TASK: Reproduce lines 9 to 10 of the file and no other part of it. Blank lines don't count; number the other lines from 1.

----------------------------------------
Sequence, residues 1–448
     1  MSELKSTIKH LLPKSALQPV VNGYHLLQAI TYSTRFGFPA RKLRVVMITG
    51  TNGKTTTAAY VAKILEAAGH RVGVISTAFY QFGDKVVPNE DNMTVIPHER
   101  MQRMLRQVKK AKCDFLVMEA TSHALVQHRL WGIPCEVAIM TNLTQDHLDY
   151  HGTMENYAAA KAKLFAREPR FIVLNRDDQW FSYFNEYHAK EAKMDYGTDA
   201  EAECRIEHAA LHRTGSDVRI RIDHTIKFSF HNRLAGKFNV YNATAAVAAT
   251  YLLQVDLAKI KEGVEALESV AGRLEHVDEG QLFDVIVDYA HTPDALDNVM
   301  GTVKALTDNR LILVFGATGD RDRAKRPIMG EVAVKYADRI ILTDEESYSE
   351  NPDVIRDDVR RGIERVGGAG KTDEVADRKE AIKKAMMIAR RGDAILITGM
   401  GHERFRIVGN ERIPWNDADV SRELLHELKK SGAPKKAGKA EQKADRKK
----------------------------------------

   351  NPDVIRDDVR RGIERVGGAG KTDEVADRKE AIKKAMMIAR RGDAILITGM
   401  GHERFRIVGN ERIPWNDADV SRELLHELKK SGAPKKAGKA EQKADRKK